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The opposition between objectivists and subjectivists actually stems from funda-

mental differences in the types of problems they try to solve and in their models.

Objectivist frequentists search for frequencies in a set, which implies the possibility

of infinite repetitions in similar conditions, but also provides an operational means

of calculation. The probability is specific to the set and does not exist without it, but

the data can be hypothetical (it is not always necessary to conduct all of the repe-

titions). This leads objectivists to refuse problems that are devoid of meaning, such

as events that only occur once. Statements are considered objective if they can be

refuted (with counter-examples), even if they cannot be rigorously proven [MAT 78].

On the contrary, subjectivists consider probabilities as measures of confidence, of

reasonable expectation [COX 46], of the numerical coding of a state of knowledge

[DEM 93], of an appropriate mental subtlety and can therefore deal with problems

for which there is no set, particularly unique phenomena. For such phenomena, there

is no probability
per se
, but only probabilistic models [MAT 78]. The hypotheses are

evaluated according to the observed data and the prior probability, even if the knowl-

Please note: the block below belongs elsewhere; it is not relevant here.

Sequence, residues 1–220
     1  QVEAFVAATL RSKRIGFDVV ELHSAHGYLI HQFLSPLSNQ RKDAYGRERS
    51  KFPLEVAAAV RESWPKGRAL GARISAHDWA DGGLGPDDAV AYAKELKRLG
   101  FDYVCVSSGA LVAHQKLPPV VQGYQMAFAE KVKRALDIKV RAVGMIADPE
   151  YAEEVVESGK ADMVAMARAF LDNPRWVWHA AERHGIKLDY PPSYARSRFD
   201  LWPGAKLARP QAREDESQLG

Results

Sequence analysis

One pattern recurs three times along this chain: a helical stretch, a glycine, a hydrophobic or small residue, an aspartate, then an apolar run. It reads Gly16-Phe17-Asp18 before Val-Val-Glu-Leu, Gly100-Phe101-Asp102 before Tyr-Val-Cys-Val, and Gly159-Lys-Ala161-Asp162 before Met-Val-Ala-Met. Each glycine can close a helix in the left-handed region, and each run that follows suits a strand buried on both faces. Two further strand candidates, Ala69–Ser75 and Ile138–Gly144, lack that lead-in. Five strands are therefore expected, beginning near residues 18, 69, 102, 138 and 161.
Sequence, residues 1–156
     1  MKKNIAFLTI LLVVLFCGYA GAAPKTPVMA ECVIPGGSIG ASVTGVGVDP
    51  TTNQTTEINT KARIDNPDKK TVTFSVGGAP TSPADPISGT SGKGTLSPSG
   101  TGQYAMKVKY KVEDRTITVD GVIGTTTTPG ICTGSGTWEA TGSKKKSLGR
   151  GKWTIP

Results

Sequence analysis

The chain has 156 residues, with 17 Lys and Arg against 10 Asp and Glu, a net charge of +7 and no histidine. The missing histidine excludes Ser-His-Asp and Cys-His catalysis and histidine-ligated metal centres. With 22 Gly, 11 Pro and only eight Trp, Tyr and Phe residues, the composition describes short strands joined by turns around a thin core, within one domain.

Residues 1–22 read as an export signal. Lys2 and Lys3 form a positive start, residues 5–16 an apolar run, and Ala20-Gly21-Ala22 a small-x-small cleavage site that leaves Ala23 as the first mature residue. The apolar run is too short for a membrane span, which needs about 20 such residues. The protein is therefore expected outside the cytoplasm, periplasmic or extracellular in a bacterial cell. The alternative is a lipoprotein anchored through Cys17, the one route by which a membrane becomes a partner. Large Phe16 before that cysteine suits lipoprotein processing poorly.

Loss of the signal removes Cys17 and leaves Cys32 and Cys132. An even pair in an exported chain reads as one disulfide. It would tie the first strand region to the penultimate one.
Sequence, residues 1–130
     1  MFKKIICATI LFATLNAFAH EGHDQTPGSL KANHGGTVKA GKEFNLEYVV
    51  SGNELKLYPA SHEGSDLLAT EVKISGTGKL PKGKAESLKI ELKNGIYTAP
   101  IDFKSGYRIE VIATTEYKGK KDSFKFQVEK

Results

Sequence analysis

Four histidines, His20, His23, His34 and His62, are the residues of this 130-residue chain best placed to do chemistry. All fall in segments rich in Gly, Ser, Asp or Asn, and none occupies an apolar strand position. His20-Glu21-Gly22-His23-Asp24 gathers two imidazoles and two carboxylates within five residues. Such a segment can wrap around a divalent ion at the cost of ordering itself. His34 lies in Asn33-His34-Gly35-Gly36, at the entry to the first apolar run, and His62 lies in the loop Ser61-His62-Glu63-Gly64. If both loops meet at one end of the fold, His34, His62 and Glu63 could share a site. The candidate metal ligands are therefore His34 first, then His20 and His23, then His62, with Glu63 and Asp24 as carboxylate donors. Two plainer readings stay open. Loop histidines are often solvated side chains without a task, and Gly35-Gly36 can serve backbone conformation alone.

edge is incomplete. Subjectivists do not try to achieve the best asymptotic behavior, as

statisticians do, but try instead to make the best possible inference given the available

data [DEM 93, KEM 42]. In other words, frequentists deal with random probabili-

ties and subjectivists deal with epistemological probabilities [SHA 78, SHA 86]. The

former are specific to the event itself and are not modified when knowledge changes

[KEM 42]. The latter, on the other hand, are always conditional and change accord-

ing to knowledge. They enable possible conclusions to be drawn, between certainty

and impossibility, and therefore, constitute an extended logic [KEY 29]. Subjectivists

reject the principle according to which the same causes produce the same effects, not

because they consider it to be false, but because it has no meaning, since the causes

are never identical. Oddly enough, objectivity was introduced in order to eliminate the

arbitrary and subjective nature of Bayes and Laplace, but it required the use of statis-

tical criteria that are not universal and which have to be chosen somewhat arbitrarily

[DEM 93].

Finally, the last difference between the two methods, both mathematical and in

meaning, is fundamental because it involves additivity. Random probabilities are nec-

essarily additive, since they are related to the frequentist aspect, while epistemological

probabilities do not have to be, although there is still controversy over this. We will

discuss this further in the following sections.

To sum up, there are three types of people concerned with probabilities: mathe-

maticians who suggest models without worrying about whether they fit reality or how

they will be used, physicists who infer laws from observations and experiments, and

philosophers who wonder about the meaning of all this.

A.3. Fundamental postulates for an inductive logic

Rather than accepting the “axioms” of probabilities such as they are presented, for

example, in Kolmogorov's traditional approach, more subjectivist methods start off

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